OK, OK. I know. Although my words are tounge-in-cheek and meant only to help you smile, the sentiment is earnest. Our task to serve and protect the rights and dignity of our residents is a serious one. And truly, how can a nurse focus their attention on the very real needs of the residents when we are left to deal with some poor aide who carries around a chip on their shoulder the size of an evergreen? It's seems obvious to me that if we continue doing what we are doing, which is allowing people without management skills manage folks who desperatly need to be managed properly in order to succeed. There is a fairness to nurses AS WELL AS the CNA's that is not being met.
Anyone with me here?Last edit by blue chips on Jan 7, '05
Jan 7, '05Last week my unit manager called a "department meeting" the supposed reason was for the tension on the floor, but what it really came down to was the CNA that i was having the problem with got to CONFRONT ME :angryfire in front of EVERYONE, she was in my face, pointing her finger, etc. I spoke up and asked why a personal issue was being discussed in front of 7 people who had no business knowing what was going on? i got no response. By the time it was over I was accused in front of everyone of being a racist!!!!!!!!!!!!! :angryfire Let me say that I am in no way,shape or form a racist, 6 of the 7 CNA's i work with are black and I have no problems with them of anysort! I was shocked, emarassed and angry, so much so that I couldn't speak. when I was finally able to defend myself, I couldn't get a word in. My manager just sat there and let it happen. The next day, one of the CNA's who was in the meeting, apologized to me for what the other CNA had said. I meant alot coming from her, as it let me know that I really do not give the impression that I am racist.(this CNA was black also). Now I am completely at a loss of what to do, it seems there is no where to go from here but down. I talked to Human resources, they stated they are surprised that this certain CNA is still here also. HELP!!!!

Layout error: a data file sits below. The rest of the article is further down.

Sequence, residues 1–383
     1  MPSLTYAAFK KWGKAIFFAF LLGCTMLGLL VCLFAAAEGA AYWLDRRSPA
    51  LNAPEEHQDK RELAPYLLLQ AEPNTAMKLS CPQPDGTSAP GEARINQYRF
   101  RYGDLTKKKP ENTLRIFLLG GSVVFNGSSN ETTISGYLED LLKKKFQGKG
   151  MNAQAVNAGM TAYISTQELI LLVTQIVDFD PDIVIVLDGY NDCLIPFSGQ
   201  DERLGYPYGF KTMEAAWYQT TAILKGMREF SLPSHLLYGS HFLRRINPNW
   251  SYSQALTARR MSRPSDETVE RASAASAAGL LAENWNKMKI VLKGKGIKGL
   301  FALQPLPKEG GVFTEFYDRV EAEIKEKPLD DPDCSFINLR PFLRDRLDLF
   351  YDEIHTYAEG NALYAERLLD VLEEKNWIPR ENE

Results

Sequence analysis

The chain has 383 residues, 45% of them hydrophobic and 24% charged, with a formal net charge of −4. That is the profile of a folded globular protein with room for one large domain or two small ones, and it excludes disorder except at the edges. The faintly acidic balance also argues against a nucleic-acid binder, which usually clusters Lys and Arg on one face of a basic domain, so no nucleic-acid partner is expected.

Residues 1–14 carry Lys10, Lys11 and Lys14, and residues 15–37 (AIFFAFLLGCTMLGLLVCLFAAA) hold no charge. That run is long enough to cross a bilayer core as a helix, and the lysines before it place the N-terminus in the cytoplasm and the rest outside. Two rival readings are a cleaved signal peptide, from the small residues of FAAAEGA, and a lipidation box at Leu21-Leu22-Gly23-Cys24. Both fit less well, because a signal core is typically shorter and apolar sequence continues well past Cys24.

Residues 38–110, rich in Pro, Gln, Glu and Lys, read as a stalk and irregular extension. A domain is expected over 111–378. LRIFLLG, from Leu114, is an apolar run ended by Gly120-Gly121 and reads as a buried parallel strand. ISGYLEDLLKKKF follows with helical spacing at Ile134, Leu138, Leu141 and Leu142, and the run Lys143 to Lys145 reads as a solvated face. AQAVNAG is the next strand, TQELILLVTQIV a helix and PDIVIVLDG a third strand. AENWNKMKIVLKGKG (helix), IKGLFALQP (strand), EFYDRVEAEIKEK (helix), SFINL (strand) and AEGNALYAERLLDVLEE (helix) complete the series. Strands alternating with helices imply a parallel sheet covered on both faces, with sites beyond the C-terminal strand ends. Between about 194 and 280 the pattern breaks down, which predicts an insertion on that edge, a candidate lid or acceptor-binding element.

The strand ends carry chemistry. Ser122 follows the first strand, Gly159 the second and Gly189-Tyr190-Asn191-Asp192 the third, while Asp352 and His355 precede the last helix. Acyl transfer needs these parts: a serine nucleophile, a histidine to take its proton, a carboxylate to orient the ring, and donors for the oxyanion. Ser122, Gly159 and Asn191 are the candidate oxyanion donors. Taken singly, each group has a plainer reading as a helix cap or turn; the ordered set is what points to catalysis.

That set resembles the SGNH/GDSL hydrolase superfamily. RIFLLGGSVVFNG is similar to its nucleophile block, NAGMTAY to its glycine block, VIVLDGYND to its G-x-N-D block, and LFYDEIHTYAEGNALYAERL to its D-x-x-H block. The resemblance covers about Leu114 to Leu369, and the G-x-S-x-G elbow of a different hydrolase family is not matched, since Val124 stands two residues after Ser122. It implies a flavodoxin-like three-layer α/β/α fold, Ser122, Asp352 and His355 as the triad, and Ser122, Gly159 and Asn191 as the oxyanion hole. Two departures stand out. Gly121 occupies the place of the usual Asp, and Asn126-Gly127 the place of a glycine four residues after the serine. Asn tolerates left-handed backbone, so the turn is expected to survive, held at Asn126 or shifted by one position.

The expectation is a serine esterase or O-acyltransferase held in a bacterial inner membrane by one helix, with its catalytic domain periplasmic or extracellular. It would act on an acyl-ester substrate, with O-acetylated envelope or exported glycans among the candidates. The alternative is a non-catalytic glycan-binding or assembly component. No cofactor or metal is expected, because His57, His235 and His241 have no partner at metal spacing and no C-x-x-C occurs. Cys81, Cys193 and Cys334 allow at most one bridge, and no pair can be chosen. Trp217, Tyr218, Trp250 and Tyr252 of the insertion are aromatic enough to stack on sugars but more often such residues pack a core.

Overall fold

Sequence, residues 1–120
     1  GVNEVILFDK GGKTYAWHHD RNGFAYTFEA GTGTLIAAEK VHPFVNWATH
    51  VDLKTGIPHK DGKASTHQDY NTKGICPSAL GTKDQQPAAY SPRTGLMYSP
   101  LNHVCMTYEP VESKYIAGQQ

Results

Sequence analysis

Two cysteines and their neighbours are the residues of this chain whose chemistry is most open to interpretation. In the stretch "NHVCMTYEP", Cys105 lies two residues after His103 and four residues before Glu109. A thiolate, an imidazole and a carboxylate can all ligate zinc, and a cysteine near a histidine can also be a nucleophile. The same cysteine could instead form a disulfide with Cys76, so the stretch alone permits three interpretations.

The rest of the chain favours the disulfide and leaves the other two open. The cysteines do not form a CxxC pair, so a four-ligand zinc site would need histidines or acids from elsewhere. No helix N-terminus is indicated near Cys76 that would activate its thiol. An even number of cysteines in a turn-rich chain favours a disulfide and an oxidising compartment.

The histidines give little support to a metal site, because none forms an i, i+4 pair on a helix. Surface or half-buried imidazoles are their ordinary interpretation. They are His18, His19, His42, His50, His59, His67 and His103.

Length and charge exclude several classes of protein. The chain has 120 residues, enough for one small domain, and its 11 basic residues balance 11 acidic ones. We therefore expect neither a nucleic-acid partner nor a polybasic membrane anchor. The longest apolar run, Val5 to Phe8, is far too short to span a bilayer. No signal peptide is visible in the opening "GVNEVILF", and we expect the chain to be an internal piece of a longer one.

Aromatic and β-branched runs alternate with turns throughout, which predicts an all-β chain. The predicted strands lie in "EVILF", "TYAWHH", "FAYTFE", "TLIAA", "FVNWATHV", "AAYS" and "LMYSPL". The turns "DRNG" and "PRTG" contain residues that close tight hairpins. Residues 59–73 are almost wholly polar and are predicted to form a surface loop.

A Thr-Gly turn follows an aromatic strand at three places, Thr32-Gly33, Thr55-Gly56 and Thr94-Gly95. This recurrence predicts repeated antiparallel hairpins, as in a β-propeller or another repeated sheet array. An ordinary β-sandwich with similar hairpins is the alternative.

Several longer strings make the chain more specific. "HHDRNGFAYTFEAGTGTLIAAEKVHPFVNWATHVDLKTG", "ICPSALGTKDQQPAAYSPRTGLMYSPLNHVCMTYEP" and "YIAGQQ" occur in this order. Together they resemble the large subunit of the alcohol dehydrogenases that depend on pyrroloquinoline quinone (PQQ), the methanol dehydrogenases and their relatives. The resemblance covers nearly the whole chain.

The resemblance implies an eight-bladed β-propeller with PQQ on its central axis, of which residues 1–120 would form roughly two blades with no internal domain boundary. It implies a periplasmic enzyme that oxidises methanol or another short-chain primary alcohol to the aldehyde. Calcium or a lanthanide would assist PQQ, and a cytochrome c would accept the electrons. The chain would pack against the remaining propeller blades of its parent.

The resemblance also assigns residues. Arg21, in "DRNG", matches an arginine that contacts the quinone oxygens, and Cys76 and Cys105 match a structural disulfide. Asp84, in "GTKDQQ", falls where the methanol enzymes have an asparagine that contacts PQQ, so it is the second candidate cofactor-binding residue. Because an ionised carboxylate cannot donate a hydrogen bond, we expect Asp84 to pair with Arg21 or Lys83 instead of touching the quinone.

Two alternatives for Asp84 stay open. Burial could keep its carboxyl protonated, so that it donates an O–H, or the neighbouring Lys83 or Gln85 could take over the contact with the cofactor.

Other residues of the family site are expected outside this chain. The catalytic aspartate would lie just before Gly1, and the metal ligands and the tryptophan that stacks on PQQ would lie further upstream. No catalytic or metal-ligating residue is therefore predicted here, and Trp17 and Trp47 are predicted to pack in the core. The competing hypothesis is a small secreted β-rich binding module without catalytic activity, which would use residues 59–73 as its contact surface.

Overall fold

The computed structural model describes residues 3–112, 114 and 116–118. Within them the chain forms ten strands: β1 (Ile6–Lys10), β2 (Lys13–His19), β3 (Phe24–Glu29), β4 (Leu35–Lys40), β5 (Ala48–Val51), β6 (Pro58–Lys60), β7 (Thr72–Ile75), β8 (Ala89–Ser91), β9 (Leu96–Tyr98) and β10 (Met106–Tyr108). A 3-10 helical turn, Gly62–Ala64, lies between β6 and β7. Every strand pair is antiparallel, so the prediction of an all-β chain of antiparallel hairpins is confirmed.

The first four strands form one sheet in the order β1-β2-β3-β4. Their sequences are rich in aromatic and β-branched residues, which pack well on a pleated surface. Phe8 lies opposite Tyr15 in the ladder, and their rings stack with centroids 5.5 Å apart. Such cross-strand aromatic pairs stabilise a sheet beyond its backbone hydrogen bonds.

Jan 7, '05this common practice. I was also told I was a racist because I told a CNA twice to go help pass trays. at the time I never noticed the color of her skin
Jan 7, '05The worst part I guess is the fact that now, everytime i look at a black person, i second guess myself thinking, "am I looking at them like I am a racist?" This whole situation has really, messed with my mind and confidence
Jan 7, '05I don't think that CNA's in long-term care are necessarily bossy. I think that they are very protective of their patients. They know their patients and have established deep bonds with them.
Of course, there are bad apples everywhere.
Jan 9, '05Although I am not making excuses for her behavior, lets face it, CNA's get paid very little money to do very hard work. I can understand how an "attitude" can develope in an underpaid overworked CNA. Add into that the age factor. You didn't mention the age of this CNA but in the rehab center where I do perdiem all the CNA's that I have working with me are very young. It seems that the younger people these days don't have the maturity needed to do any work with the public much less as a personal care giver to a fragile elderly person. It seems like your CNA has gotten full of herself and needs a wake up call. Certainly it is not your place to give it to her but you are certainly well within your rights as her direct supervisor to let her know that her behaviour is not acceptable. I'm sure you can find it in you to tell her in an nonthreatening diplomatic way that it is important for everyone to work together for the common good of the residents you all are caring for. Rimind her why she is there in the first place, to care for people who cannot care for themselvs.